Simon Sinek is known for his Ted talk where he explains that most people explain a new product or service by talking about ‘what’ it is and ‘how’ it works, but they rarely explain the ‘why’ behind it. The ‘why’ actually resonates with people the most. They want to understand the reason and beliefs behind it.

In my research, I couldn’t seem to find a clear answer to the most important question: “Why Gutenberg?” If I was going to present to people who knew little or nothing about it, I wanted to provide a reason why this major change was coming that might cause significant frustration, work, and pain for them.

I found a lot of ‘what’ and ‘how’ about Gutenberg. In some posts by Matt Mullenweg and Matías Ventura, I found hints about ‘why’ Gutenberg existed, but no really clear, simple explanation of why this whole project was happening. Why would Matt and others want to seemingly force this major change on us all? Why does it have to be such a radical departure from the past? Why now?

I was certain the conspiracy theorists—who seem to believe that Automattic’s sole mission is to make their lives more miserable—were wrong. But what was the purpose? Could it really just be a me too attitude that left all of these brilliant minds feeling like they had to keep up with Squarespace and Medium? That didn’t seem to fit. Especially since Gutenberg is already leagues better than Squarespace’s convoluted visual editor.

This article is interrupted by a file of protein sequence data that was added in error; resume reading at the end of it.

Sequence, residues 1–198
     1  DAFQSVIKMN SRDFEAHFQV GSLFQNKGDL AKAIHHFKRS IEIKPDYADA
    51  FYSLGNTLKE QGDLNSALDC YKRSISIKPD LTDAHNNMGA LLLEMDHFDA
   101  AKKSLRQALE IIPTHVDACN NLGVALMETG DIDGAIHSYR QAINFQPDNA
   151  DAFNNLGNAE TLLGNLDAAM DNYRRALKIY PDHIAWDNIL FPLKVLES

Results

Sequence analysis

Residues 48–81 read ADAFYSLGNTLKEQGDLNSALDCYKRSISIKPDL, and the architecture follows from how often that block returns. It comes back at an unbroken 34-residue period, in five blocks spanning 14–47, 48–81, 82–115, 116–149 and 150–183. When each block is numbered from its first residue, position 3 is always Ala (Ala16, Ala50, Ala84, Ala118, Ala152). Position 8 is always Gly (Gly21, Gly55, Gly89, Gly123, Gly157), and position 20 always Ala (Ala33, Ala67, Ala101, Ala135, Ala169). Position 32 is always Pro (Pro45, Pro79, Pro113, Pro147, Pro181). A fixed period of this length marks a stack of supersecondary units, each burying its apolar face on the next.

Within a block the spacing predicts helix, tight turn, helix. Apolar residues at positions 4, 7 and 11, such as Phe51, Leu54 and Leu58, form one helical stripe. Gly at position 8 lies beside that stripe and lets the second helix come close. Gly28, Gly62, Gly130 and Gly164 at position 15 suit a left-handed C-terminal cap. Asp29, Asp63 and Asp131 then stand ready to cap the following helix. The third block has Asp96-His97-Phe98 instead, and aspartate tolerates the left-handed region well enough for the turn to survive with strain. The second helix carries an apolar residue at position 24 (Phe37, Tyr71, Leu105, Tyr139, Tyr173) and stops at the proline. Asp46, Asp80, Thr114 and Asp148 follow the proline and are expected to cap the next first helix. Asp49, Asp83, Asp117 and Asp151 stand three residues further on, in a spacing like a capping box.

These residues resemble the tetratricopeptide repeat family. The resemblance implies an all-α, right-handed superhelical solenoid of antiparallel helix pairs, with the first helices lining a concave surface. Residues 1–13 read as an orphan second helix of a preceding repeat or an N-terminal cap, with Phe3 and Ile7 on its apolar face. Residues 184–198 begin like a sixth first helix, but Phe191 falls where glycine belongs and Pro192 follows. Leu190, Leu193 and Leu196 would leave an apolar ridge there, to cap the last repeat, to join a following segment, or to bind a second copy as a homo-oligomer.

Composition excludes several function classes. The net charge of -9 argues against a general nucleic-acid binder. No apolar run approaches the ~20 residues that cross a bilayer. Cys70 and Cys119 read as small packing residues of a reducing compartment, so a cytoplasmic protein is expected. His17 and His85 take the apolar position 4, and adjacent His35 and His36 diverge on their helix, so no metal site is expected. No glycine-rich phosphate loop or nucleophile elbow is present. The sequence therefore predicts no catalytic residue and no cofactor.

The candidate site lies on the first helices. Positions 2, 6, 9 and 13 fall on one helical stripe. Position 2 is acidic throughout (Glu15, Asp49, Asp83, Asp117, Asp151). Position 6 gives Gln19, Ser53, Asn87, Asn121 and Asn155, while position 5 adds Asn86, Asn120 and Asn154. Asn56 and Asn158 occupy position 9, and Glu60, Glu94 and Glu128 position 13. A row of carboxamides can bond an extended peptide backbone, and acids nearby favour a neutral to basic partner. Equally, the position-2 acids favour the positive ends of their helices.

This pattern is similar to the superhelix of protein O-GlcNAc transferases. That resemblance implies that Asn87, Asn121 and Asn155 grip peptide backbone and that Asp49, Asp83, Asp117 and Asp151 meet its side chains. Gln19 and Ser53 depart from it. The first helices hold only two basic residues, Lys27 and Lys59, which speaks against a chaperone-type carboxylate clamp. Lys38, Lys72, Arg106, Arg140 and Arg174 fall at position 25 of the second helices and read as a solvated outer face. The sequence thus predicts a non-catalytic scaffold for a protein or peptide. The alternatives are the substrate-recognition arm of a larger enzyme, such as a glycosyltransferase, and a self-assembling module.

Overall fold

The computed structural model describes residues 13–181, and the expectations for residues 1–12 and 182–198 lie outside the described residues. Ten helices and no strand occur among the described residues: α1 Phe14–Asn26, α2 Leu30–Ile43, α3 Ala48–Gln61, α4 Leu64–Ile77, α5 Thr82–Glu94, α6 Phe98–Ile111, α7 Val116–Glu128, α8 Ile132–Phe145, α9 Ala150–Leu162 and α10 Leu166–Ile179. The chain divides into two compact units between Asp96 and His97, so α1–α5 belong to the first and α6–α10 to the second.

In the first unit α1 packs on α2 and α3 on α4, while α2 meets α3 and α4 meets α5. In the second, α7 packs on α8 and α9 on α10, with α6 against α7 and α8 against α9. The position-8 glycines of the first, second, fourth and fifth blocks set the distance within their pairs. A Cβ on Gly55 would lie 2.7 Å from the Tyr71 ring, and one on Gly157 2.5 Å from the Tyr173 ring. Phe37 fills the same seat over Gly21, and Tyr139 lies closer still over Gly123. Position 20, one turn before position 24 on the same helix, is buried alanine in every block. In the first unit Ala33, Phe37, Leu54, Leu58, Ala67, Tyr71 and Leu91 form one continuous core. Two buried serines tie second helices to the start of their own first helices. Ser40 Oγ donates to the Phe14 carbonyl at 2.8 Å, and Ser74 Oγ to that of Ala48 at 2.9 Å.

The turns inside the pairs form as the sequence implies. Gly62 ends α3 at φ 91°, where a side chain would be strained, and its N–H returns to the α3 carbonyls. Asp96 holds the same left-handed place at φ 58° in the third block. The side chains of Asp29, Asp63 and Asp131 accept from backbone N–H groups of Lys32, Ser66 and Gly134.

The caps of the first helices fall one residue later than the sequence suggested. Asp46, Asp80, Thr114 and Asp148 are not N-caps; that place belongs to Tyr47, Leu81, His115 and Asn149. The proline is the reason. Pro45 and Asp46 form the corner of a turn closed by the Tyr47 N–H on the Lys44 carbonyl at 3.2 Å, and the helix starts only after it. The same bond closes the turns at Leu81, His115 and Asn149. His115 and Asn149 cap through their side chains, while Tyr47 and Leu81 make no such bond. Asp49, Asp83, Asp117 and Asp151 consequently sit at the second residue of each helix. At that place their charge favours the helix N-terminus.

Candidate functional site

Innovative Disruption

The Innovator's Dilemma Book Cover

Taking cues from those hints and suggestions, I started thinking about the innovative disruption model. It was popularized in business circles, starting in 1997 when the book “The Innovator’s Dilemma” was published by Clayton Christensen, a Harvard professor. His book was an expansion of an earlier article in the Harvard Business Review.

At the risk of oversimplifying the model, innovative disruption is what happens when an existing company who is the top dog (either in sales or market share) gets comfortable with their position at the top along with their revenue stream and quits innovating. They make small, incremental updates to their products or services to keep customers happy, but fail to look at the future of their industry.

This makes it easier for a startup or smaller, more innovative company to bring a new product or service to market that completely disrupts the existing market because it’s better, faster, cheaper. The established company doesn’t see the disruption coming because they feel secure in their large market share and steady sales revenue. They often respond with “why would anyone want that?” when approached with the new model that is about to completely upset their business model.

Blockbuster Gets Busted

The classic example of this is Blockbuster Entertainment, Inc. They had over 9,000 stores at one time, allowing people to rent VHS tapes and later, DVDs. They had a huge portion of the market all to themselves and it seemed nobody could compete with this juggernaut.